It is interesting to contrast such a building as the above with the poor sheds which appear in Collins' Plates as the nucleus of Sydney. They were chiefly formed of rough boards nailed to a few upright posts, shabbily covered with bark; and are, now, everywhere replaced by unbroken lines of well built houses. In our first engraving of the Streets, we have given an accurate idea of both sides of George Street, from Mr. Lyons' Mart to the entrance of Jamison Street; and the same, also, of Charlotte Place. In this range of buildings, the Bank of Australasia, and the Auction Mart above-mentioned, are equally deserving of notice. The former is a plain but commodious edifice, and consists of two wings and a centre; having fifteen windows and three doorways facing the street. There are six Branch Banks in Australia in connection with this Establishment, which is under the control of a Superintendent, Manager, and Board of Directors. It was incorporated by Royal Charter in 1835, and possesses a capital of one million sterling.

click to view image *** click to view inverted image

George Street and Charlotte Place, Plate 10A

St Phillps Church, Plate 10B

{page 11}

For a long time (as late as 1828) this part of George Street formed the general boundary line of a large garden, which reached back to the summit of the hill;--and on the opposite side, as far down as the Tank Stream, was the Lumber Yard, which was not sold in separate allotments until the year 1830. Charlotte Place was originally the Parade Ground, and the Guard House stood on the site of the present splendid dwelling-house of Mr. Cleeve.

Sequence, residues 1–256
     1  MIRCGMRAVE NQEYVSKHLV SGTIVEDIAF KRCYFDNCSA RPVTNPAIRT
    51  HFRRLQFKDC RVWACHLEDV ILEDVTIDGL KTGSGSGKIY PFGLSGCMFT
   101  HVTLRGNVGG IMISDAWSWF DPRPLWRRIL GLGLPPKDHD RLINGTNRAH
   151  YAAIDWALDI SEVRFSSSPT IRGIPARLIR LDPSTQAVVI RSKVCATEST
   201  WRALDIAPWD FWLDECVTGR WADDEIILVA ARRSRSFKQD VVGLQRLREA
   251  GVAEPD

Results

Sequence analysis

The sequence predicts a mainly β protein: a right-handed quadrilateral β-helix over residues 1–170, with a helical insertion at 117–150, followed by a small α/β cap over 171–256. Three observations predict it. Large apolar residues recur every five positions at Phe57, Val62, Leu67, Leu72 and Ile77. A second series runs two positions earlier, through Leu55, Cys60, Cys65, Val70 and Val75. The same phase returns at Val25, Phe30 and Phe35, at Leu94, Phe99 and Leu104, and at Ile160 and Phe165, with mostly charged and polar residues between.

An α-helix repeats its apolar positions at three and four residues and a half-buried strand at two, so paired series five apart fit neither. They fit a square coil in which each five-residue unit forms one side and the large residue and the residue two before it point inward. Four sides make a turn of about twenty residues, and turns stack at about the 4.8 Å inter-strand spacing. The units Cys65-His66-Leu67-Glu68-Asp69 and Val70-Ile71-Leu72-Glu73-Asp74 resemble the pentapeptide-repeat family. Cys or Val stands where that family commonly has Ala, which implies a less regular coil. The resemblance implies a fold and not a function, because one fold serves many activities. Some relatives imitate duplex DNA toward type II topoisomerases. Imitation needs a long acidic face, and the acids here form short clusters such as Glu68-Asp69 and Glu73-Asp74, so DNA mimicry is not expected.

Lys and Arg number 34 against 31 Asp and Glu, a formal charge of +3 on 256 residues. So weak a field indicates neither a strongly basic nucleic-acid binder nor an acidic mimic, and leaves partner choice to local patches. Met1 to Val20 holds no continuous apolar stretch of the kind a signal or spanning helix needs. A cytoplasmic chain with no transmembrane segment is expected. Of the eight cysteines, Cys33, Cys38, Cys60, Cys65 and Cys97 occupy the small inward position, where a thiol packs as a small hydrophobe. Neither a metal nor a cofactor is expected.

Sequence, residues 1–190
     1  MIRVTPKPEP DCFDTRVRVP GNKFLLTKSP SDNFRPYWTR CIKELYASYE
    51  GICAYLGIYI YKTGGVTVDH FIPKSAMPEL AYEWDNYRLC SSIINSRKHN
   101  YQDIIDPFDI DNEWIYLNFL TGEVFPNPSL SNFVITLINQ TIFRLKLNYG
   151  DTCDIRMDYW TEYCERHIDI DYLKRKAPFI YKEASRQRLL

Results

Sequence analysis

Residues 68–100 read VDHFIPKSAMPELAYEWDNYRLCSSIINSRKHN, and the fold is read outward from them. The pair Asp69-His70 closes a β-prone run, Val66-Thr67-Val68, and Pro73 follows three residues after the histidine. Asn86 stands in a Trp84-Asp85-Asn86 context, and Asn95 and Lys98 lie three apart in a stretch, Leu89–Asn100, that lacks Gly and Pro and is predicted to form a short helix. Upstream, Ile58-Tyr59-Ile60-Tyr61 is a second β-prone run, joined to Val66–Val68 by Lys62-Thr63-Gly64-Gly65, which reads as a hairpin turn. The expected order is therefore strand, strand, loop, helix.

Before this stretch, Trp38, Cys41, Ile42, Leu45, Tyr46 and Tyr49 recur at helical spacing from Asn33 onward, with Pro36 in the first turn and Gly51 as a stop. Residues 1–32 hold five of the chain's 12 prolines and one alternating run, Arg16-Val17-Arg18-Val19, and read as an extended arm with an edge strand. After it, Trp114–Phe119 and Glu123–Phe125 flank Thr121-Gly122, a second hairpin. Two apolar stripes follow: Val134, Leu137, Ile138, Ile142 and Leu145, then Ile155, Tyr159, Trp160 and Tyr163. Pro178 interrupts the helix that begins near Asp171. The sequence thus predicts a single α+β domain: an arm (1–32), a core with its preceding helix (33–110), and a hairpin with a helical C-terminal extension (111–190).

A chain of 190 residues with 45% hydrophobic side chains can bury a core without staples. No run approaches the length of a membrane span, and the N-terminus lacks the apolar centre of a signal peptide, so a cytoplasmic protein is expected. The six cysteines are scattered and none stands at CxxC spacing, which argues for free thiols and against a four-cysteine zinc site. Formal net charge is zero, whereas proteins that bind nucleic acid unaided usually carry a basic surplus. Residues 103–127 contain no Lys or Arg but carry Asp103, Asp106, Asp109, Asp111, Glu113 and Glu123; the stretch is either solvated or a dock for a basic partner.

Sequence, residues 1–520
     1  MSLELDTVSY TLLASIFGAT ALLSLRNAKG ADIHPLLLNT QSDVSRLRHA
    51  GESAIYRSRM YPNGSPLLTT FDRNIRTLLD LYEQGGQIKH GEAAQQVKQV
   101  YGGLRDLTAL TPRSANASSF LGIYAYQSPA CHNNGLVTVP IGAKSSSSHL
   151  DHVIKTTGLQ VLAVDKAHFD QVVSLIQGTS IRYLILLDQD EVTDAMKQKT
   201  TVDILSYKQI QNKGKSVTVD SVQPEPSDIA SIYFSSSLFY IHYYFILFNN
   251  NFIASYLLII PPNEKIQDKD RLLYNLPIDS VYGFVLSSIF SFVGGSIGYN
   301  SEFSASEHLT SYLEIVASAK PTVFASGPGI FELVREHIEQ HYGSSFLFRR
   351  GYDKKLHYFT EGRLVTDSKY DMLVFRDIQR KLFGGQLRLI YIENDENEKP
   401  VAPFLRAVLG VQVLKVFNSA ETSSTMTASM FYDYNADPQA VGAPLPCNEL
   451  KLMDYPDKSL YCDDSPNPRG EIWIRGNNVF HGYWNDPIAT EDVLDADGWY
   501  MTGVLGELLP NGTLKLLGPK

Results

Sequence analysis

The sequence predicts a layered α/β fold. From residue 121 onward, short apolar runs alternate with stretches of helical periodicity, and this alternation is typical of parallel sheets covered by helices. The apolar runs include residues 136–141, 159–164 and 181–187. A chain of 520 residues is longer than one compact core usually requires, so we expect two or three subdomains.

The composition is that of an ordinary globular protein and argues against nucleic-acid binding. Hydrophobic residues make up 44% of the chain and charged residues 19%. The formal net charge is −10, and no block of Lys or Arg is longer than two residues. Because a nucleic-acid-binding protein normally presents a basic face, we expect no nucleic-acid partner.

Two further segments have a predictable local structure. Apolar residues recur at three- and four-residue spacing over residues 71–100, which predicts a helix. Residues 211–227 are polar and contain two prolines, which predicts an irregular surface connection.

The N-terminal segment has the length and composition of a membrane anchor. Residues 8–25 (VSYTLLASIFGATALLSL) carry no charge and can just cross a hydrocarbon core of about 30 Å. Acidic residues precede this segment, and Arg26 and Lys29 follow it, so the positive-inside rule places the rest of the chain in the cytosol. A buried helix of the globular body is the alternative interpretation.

In the early days of the Colony, Divine Service was performed in the open air, soon after sun-rise, wherever a shady tree could be found. Great irregularity was the consequence, and notwithstanding the punishments by which the attendance of the prisoners was enforced, the congregations appear to have been very thin. Those who obstinately persisted in their recusancy were deprived of a portion of their rations. This state of affairs continued until 1793, when a temporary Church was erected at the back of the huts on the east side of the Cove, near to what is now the corner of Hunter and Castlereagh Streets. It was built at the expense of the Chaplain--the Rev. Mr. Johnson--of strong posts, wattles, and plaster, and was finished August 25th, 1793,--enjoying an honourable distinction as the first Christian Church in this portion of the globe. In 1798 it was burnt down--apparently by some incendiary, probably one of those who had been compelled to attend, and who thus hoped to escape the infliction for the future. Such hopes, however, were vain; for the brick store above-mentioned had just been completed, and was immediately fitted up {page 12} as a Church. This building, which appears to have been the first house in the Colony, stood a little behind the site of the present Bank of Australasia. On the completion of the Orphan School (founded October 1st, 1800), the fittings were taken thither, and that building continued to be used for the performance of Divine Service until the removal of Governor Bligh. One consequence of that event was, an entire suspension of Public Worship from January, 1808, until August, 1809.